L’Oreal’s Subsidized Concierge Perk

The crown jewel of L’Oreal’s workplace perks remains the subsidized concierge service. The company bears a portion of the cost to provide this benefit to its employees, a cost that CEO David Greenberg deemed worthwhile. He highlighted the people-centric nature of the cosmetics industry, emphasizing the importance of engagement, creativity, sharing, and learning from colleagues in fostering a thriving workplace environment.

What sets L’Oreal apart from many other major companies that have implemented return-to-office mandates, such as Meta, Salesforce, and Google, is its genuine effort to enhance the employee experience. While other companies have scaled back pandemic-era perks, L’Oreal has gone the extra mile to incentivize its employees to return to the office.

Fridays as the Focus

L’Oreal’s decision to make Fridays mandatory office days, twice a month, is a unique move that reflects the company’s commitment to fostering a collaborative and creative atmosphere. While many companies are grappling with the challenge of employees opting to work from home on Fridays, L’Oreal is one of the very few firms to mandate in-person presence on this particular day.

Fridays are often considered the least busy and least attended days in the office, as employees look forward to starting their weekends a bit earlier. Even before the pandemic, the concept of “Summer Fridays” resonated with many employees, indicating a general preference for easing into the weekend. The growing momentum behind the idea of four-day workweeks, typically involving the elimination of Fridays, further underscores the significance of L’Oreal’s decision to focus on Fridays.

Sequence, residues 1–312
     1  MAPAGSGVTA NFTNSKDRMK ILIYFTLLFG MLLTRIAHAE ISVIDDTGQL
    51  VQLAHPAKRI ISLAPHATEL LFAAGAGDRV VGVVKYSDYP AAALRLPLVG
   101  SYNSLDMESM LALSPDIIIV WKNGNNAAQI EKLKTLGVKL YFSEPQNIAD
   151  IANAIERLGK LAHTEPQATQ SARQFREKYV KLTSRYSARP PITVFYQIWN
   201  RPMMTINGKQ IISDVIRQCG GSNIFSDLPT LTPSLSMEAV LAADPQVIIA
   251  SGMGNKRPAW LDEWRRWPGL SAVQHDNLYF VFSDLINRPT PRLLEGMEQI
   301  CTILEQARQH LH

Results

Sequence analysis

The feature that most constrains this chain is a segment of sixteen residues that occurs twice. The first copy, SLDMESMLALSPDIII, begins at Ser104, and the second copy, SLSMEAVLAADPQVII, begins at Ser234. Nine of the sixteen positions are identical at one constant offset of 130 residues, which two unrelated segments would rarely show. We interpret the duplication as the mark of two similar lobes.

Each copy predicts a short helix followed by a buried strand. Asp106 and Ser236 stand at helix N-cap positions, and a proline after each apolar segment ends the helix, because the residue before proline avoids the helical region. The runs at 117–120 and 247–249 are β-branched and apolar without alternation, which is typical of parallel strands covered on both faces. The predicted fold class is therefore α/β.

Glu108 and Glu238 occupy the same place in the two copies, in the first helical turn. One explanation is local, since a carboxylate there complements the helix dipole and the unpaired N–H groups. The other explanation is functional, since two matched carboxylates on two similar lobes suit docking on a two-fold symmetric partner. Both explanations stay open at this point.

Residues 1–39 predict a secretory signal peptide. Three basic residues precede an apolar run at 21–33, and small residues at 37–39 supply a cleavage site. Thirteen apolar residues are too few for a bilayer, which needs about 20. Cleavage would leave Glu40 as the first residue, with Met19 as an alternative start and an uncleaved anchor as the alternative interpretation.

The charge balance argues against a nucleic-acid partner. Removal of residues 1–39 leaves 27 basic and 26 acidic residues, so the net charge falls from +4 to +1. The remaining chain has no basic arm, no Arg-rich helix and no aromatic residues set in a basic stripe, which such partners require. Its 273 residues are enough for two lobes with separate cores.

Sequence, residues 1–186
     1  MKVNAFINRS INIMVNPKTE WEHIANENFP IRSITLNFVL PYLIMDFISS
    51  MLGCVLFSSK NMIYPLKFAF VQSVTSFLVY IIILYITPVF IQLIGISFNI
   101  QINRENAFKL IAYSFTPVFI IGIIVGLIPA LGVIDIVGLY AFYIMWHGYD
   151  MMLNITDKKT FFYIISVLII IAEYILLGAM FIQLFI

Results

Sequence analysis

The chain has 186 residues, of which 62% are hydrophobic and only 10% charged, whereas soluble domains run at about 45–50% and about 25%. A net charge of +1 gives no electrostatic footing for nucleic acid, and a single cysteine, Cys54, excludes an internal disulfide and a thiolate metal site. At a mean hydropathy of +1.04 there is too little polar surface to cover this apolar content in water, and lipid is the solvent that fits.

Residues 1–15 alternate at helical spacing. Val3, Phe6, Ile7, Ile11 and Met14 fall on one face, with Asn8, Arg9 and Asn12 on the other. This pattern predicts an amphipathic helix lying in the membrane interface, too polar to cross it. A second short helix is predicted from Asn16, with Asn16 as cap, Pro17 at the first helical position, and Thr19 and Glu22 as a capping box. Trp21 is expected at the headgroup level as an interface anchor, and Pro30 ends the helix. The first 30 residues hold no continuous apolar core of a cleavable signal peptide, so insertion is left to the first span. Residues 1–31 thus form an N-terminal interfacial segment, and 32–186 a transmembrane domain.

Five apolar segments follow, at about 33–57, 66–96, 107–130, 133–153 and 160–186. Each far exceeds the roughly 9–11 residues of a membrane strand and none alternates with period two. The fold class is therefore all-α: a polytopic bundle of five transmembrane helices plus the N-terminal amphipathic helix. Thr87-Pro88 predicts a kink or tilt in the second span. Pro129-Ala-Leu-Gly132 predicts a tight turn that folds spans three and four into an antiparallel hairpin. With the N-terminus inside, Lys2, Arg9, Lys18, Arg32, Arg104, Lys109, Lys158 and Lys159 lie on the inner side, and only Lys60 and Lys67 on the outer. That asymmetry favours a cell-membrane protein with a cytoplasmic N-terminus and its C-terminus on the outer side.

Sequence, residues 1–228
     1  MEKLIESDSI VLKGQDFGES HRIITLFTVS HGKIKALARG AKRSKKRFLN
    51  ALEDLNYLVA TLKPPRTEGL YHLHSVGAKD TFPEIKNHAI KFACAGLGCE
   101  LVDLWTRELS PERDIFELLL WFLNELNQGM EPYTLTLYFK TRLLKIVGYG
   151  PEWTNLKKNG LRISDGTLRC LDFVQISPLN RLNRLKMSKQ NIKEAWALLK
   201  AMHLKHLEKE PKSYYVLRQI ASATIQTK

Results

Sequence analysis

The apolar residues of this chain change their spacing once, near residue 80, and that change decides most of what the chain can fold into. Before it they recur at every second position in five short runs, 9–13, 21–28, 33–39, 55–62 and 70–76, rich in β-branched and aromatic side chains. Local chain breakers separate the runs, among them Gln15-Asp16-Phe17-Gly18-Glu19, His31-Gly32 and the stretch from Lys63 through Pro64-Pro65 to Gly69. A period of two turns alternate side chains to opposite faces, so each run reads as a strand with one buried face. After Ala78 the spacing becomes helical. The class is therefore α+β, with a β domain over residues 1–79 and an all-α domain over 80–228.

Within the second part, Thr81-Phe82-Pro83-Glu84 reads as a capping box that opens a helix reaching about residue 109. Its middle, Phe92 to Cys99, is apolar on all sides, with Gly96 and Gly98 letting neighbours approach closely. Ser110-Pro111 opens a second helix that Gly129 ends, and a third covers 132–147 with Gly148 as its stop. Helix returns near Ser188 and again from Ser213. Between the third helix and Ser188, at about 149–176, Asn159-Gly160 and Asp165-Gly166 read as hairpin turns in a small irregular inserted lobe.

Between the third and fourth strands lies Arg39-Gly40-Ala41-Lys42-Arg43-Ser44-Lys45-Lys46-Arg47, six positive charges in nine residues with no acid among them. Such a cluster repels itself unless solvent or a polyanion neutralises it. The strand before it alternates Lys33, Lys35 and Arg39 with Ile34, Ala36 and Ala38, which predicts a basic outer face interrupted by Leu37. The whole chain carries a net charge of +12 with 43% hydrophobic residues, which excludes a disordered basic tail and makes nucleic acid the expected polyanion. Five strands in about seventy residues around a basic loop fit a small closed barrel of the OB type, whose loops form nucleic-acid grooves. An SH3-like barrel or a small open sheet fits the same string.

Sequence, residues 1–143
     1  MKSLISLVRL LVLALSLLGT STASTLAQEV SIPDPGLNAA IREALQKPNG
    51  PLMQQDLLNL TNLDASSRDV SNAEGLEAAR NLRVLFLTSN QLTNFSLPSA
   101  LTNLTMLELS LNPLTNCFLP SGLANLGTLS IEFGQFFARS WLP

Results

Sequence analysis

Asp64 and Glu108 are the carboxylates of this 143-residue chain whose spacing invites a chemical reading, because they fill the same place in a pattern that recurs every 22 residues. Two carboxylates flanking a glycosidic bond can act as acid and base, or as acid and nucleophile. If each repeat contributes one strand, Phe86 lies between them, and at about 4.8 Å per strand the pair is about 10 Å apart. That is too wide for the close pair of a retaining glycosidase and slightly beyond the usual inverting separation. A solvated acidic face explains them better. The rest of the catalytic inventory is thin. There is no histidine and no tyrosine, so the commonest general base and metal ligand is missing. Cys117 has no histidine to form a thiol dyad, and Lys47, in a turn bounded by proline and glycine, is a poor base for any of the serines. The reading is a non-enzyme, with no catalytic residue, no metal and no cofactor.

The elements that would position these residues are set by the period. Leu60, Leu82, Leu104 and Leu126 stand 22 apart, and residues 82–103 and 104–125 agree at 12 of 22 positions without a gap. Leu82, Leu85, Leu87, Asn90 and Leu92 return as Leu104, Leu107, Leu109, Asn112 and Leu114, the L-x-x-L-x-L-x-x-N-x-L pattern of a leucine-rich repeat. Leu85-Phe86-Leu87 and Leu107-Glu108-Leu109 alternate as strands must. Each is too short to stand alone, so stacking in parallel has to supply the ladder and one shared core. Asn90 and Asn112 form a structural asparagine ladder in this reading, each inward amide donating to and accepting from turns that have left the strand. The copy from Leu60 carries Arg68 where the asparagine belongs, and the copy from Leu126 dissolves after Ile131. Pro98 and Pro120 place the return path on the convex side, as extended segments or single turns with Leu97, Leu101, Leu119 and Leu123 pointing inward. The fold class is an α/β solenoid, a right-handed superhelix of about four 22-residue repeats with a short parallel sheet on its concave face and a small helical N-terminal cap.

L’Oreal’s Vision for the Future

L’Oreal’s CEO, Nicolas Hieronimus, remains steadfast in his belief that the office is essential for fostering attachment, passion, and creativity among employees. He emphasizes the value of serendipitous encounters and the opportunity for meaningful connections that the office environment provides. In his view, remote work is detrimental not only to the company but also to the mental well-being of employees.

While the world grapples with the evolving landscape of work and the balance between remote and in-person arrangements, L’Oreal’s commitment to in-office work continues to be a unique and noteworthy approach. The company’s belief in the importance of physical presence in the workplace as a driver of creativity and collaboration serves as a testament to their dedication to both their employees and the success of their business.

Featured Image courtesy of JHVEPhoto/Shutterstock

Huey Yee Ong

Hello, from one tech geek to another. Not your beloved TechCrunch writer, but a writer with an avid interest in the fast-paced tech scenes and all the latest tech mojo. I bring with me a unique take towards tech with a honed applied psychology perspective to make tech news digestible. In other words, I deliver tech news that is easy to read.